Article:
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Relearning How to Reach the Unreached

My family and I had the honor of serving the Black Tai people, a mountain tribe in NW Vietnam. Brave Pioneers had already been working on the translation of the Bible in the Black Tai language for 40 years and they finished up the translation the year we went. As we spent time with the precious Black Tai people, we became a part of their lives. We presented them with the amazing gift that had just been completed. Their joy was evident at seeing the Bible in their heart language.

Yet many of them responded to the gift with the same question: “Can you read it to me?”

Our hearts broke as we began to realize the distance that remained between them and the scriptures. There still seemed to be a wall standing between the Black Tai people and the Kingdom of God.

The Gospel is being proclaimed now to more people than at any other time in history. Yet many in the audience are not actually hearing it.

The Gospel is available now to more people than at any other time in history, yet many of those people are not really understanding it.[1]

Unfortunately, most Christian leaders do not yet realize the magnitude of the problem.

Let’s look at the numbers. Around 80% of the world’s population are oral preference learners. By “oral preference learners,” we do not necessarily mean illiterate, although many are. Rather, we mean people who can’t, don’t, or won’t naturally take in new information or communicate by literate styles, such as is typically the norm in the Western world. Even more shocking is that we can find oral preference learners in every single cultural group of the world![2]

Most missionaries have not learned how to communicate the Gospel effectively to oral preference learners! It stands to reason that we will not succeed in finishing the task, reaching the majority of the world, until we adjust and make crucial changes.[3]

A full 90% of the world’s Christian workers are bringing Jesus to people and discipling them using highly literate communication styles. These include printed page, expositional, analytical, and logical presentations of the Gospel.[4]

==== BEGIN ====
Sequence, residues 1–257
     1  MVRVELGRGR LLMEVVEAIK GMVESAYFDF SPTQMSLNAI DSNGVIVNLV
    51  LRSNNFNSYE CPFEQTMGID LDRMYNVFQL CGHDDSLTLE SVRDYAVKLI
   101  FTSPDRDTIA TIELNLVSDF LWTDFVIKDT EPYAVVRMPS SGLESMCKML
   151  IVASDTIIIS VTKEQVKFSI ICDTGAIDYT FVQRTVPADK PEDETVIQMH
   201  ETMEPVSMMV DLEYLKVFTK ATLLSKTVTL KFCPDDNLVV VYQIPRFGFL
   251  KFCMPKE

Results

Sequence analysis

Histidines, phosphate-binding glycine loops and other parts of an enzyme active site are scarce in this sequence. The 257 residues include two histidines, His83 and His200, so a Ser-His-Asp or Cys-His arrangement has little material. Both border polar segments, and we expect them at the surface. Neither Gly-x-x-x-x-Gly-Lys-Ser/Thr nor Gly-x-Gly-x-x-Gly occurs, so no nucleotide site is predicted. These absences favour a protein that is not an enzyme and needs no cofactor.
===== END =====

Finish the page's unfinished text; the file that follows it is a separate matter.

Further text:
And yet, it is estimated that 90% of the world’s remaining unreached and unengaged people groups are part of oral cultures! There’s clearly an imbalance here. We are using what works for us–what we grew up with–and are making others adjust to us, to our culture. Will we adjust–and do we even know how–to the people we are reaching in order to facilitate deep transformational encounters with Jesus?

So let us ask: What is “oral culture”? Who is an “oral preference learner”?

These are communities and people that “learn best and whose lives are most likely to be transformed when instruction comes in oral forms.” These people pass on their way of life, heritage, values, beliefs, and worldview by means of “stories, proverbs, poetry, chants, music, dances, ceremonies, and rites of passage.”[5]

The spoken, sung, and chanted word associated with their way of life is ornate. It’s elaborate. It’s potent. The people in these oral communities that specialize in this art form are highly regarded and sought after. The Bards of old, the sages, the Gurus, the Shamans, the Griots, the Poets… the Storytellers.

Therefore, to reach the unreached oral learner, we become storytellers. We learn the art of “orality.” This involves rethinking our methods as we learn the practices and values of oral cultures.

If we want to reach oral preference learners, then we must consider reshaping how we do partner with them in their journey toward Jesus. When we take this thing called “orality” seriously, our ministries will be revolutionized. As we deepen our understanding of oral culture and align with its inherent values, our humility and response have the potential to greatly increase our effectiveness.

So what is the hope of reaching the billions of souls who are oral learners around the world? What is the hope for getting God’s Word to the speakers of the thousands of languages who are still without His word?

Here is the great news: Jesus not only commissioned us to reach oral preference learners–after all, He sent us “to the ends of the earth” (Acts 1:8). But He also gave us the tools to reach them. After all, Jesus Himself was the Master Storyteller.

More on that in my next post.

[1] Making Disciples of Oral Learners (International Orality Network / Lausanne Committee for World Evangelization, 2004), 3.

[2] Ibid.

[3] Ibid.

[4] Ibid.

[5] Ibid., 4-5.

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